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Hammer Time: Choi Min-sik seeks his revenge by performing extreme makeovers on all who wronged him in 'Oldboy.'

Hardware Wars

Park Chan-wook's cult revenge thriller 'Oldboy' cuts closer to the bone than 'Saw'

By Richard von Busack

THE KOREAN revenge thriller Oldboy is currently running at 93 on the list of the top 250 films on the Internet Movie Database. Even before it opens in the smaller cities, it is already in preproduction for an 2006 English remake (Justin Lin, who did Shopping for Fangs, is slated to direct). Fans are intoning the movie's punch line, "Laugh, and the world laughs with you; cry, and you cry alone," as if this Joey Bishop-worthy motto was a Zen koan.

Despite the inevitable disappointment of overrating, Park Chan-wook's take on The Count of Monte Cristo is a novel addition to the annals of savage cinema, distinguishing itself with a terrific sex scene (which comes at the end, so stick with it), as well as a torture scene that tops Laurence Olivier's "Is it safe?" routine in Marathon Man. Even the finale in snow country might be considered as a particularly dry and depraved satire of Confucian filial obedience—or it would if Park didn't seem to consider it a beautiful instance of perfect love. Oldboy's softer side is demonstrated in its score of symphonic waltzes, such as you'd expect from a Merchant-Ivory adaptation. This is not the kind of music that ordinarily accompanies a film in which an anti-hero pries out a villain's teeth with the curved end of a claw hammer.

One night on his way home to his wife and child, a Korean salaryman called Oh Dae-su (Choi Min-sik) gets very, very drunk and obnoxious. He is abducted and held in a private jail for 15 years. The dungeon is a cross between a David Fincher-decorated Best Western motel and that seaside village Patrick McGoohan could never get out of in The Prisoner (as in that case, the guards likewise control him with drugged gas). By building up his muscles and his knuckles, he becomes a dangerous killing machine. Released as mysteriously as he was captured, Oh zeroes in on a sushi bar where Mi-do (Kang Hye-jeong) is working. The girl—probably attracted by the way Oh geeks a live octopus—adopts him and takes him home. It's all too sweet, and Oh rightly smells a rat.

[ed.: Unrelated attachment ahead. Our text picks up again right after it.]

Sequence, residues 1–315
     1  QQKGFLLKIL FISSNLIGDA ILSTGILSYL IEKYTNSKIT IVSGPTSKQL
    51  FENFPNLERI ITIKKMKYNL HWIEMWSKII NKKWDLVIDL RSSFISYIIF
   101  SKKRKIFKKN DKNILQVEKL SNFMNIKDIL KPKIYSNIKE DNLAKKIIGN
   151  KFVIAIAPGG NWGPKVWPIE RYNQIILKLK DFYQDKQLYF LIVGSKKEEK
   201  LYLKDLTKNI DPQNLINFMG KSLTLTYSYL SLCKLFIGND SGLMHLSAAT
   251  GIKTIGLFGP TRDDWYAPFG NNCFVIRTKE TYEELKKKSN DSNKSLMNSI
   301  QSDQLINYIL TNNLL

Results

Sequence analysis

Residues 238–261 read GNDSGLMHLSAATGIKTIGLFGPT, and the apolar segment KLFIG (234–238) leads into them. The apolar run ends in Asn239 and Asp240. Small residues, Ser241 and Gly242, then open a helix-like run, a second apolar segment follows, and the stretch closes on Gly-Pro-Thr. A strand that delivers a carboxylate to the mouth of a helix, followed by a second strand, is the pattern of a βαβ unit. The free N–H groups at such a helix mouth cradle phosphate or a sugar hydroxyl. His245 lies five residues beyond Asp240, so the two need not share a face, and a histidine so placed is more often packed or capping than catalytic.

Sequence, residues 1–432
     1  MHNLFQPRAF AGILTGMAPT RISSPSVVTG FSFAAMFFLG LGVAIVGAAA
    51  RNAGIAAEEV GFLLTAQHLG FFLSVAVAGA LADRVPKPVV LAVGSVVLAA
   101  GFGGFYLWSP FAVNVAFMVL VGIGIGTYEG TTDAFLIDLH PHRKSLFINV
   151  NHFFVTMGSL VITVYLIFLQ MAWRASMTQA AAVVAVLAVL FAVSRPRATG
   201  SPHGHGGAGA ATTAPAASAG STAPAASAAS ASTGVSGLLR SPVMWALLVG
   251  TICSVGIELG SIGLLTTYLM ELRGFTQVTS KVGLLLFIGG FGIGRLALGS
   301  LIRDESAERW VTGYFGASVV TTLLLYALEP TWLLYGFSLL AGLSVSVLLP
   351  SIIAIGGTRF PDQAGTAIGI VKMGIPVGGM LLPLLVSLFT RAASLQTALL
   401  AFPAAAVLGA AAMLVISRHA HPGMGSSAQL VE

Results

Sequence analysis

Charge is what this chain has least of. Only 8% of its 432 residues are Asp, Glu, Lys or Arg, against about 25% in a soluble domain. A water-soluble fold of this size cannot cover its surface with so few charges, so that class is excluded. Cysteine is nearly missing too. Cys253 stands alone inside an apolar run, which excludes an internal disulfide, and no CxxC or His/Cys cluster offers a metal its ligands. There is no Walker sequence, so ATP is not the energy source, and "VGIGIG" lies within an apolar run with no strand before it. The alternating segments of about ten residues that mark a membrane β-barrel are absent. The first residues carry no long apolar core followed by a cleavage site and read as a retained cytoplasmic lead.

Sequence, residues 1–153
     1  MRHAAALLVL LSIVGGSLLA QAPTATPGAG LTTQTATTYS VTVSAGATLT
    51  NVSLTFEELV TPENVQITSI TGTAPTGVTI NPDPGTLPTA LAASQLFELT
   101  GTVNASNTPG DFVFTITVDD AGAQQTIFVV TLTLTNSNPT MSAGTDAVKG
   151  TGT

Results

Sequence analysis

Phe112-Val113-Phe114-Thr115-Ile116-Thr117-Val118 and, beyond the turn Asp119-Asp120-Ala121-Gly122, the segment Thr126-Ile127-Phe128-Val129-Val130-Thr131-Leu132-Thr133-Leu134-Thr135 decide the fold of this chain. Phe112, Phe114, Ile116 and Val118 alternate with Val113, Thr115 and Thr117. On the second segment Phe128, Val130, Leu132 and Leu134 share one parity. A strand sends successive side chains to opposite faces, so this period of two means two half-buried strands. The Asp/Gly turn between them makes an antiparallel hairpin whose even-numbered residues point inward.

Choi's rubbery pale face and bag-lined red eyes resemble Vincent Price in his mask as Dr. Phibes. His matted hair and lunatic smile make Benicio del Toro look like a Presbyterian minister by comparison. If Choi weren't so believably nuts, Park's film wouldn't be as credible. Oldboy far surpasses the similar Saw with superior editing and some of the boldest use of split-screen since the heyday of Brian De Palma. A sequence at a boarding school—the title is British slang meaning "alumnus"—turns into an Escher-like maze when Park's camera leaps from staircase to staircase. One sequence, which must have been a real bastard to film, is a 2 1/2-minute long, one-take hallway fight: Oh, armed with his trusty claw hammer, punishes a stick-wielding mob. The camera, at a safe distance, swivels slightly from side to side to keep Oh in the center. At the exact opposite of the balletic, smash-cut fight scene, this is so old it's new, and more vicious than anything in Sin City.

Oldboy (R; 120 min.), directed by Park Chan-wook, written by Hwang Jo-yun, Lim Chun-hyeong, Tsuchiya Garon and Park Chan-Wook, photographed by Jeong Jeong-hun and starring Choi Min-Sik, opens Friday at selected theaters.

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From the April 13-19, 2005 issue of Metro, Silicon Valley's Weekly Newspaper.

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